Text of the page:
Boris Johnson’s Conservative Party was set for a large majority in parliament after winning seats in traditional Labour heartlands as Labour leader Jeremy Corbyn said he would not contest the next election.#

The Conservative party landslide gives Boris Johnson a decisive mandate on Brexit, with a solid majority that means he will be able to push through Brexit on his terms.

While the prime minister has promised to go for a hard Canada-style deal, a pivot to a softer Brexit cannot be discounted now that he has room to manoeuvre thanks to the scale of his victory.

Moments after the exit poll, Michael Gove’s first words were about the need to rebuild and heal the nation, and a triumphant Johnson may well feel obligations to his new conquests in former Labour heartlands.

What are the next steps?

The legislation needed to give the withdrawal agreement legal effect before 31 January is expected to be put before parliament for a second reading within a week.

The race to “get Brexit done” has already begun, with talk of the House of Commons being asked to sit on the Saturday before Christmas and the House of Lords having to sit between Christmas and new year.

What is the timetable?

The new government is expected to meet on Tuesday 17 December with the Queen’s speech on Thursday.

The pound surged on the prospect of political stability and a possible resolution to the Brexit crisis that has crippled the country for three years.

Sterling soared to just under $1.35 to the pound not long after 2200 GMT, and was last up 2.36% at $1.3471.

Earlier in the day it was sitting around the $1.30 level, with chatter among currency traders suggesting they believed a Tory majority was priced in at around $1.32.

The first exit poll, which surveyed 23,790 voters as they left 144 polling stations on Thursday, pointed to a 50-seat gain for the Conservatives to 368 seats. A party needs 326 seats for an outright majority in the House of Commons.

By 0600 GMT the Tories had secured 359 seats, including several in Labour’s “red wall” that it had targeted with one of the biggest surprises being the Northumberland former mining community of Blyth Valley, where Conservative candidate Ian Levy won 17,440 votes, or 42.7%, to Labour candidate Susan Dungworth’s 16,728, or 40.9%.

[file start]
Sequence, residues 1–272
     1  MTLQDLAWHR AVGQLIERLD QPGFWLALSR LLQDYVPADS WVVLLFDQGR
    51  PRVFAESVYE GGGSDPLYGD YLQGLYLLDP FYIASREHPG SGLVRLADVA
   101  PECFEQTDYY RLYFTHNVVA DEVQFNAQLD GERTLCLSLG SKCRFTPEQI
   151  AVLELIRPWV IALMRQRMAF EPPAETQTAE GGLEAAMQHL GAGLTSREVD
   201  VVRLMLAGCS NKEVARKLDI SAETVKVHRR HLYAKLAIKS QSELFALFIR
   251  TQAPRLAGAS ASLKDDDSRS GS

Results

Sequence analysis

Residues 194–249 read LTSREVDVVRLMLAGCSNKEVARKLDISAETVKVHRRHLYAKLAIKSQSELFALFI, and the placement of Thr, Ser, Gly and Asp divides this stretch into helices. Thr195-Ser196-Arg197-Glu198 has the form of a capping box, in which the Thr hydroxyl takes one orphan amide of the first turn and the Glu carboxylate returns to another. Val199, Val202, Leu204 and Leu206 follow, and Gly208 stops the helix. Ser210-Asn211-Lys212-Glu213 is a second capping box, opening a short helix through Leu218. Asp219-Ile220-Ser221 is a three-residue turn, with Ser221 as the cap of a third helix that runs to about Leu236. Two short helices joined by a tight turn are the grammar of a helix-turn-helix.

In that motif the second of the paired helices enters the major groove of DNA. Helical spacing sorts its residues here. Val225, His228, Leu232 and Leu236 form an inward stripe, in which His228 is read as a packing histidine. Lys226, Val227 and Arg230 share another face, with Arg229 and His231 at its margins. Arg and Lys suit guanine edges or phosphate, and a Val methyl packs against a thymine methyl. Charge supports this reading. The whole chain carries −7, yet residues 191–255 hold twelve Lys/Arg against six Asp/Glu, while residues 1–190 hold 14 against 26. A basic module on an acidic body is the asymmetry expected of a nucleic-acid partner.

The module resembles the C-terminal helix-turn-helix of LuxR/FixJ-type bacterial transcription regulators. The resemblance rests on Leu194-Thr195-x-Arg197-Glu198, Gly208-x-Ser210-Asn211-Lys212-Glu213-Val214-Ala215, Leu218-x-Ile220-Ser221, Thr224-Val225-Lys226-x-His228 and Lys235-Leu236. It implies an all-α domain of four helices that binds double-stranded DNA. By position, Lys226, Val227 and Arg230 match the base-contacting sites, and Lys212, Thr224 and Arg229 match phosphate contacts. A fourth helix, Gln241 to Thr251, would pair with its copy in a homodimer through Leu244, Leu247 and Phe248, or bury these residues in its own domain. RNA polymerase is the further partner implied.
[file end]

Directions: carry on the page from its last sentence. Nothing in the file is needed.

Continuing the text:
Labour has won every election in Blyth Valley since the seat’s establishment in 1950. The bad news was compounded as the Conservatives gained Workington, a key marginal in the North West.

Corbyn was facing the prospect of losing 71 seats in what could be an even worse result for the party since Michael Foot’s 60-seat loss in 1983.

Among the other parties, the Scottish National Party looked set to gain 20 seats to take 55 of Scotland’s 59 seats, giving further impetus to leader Nicola Sturgeon’s desire to call a second independence referendum.

Liberal Democrat leader Jo Swinson lost her seat to the SNP and was forced to resign in a disastrous night for her party. Only a month ago she was portraying herself as a future prime minister.

In Brussels Ursula von der Leyen, the new European Commission president, reacted to the exit poll, telling reporters: “I think we will immediately listen to the prime minister, the new prime minster to be reassured what the pathway is. I can report from the commission we are all set.”

New European Council President Charles Michel said the 27 other member states were set to deliver a “strong message”.

“We are ready, we are ready for the next steps, we will see if if it is possible for the British parliament to accept the withdrawal agreement and take a decision and if that is the case we are ready,” he said.

(Writing by Josh White and Frank Prenesti)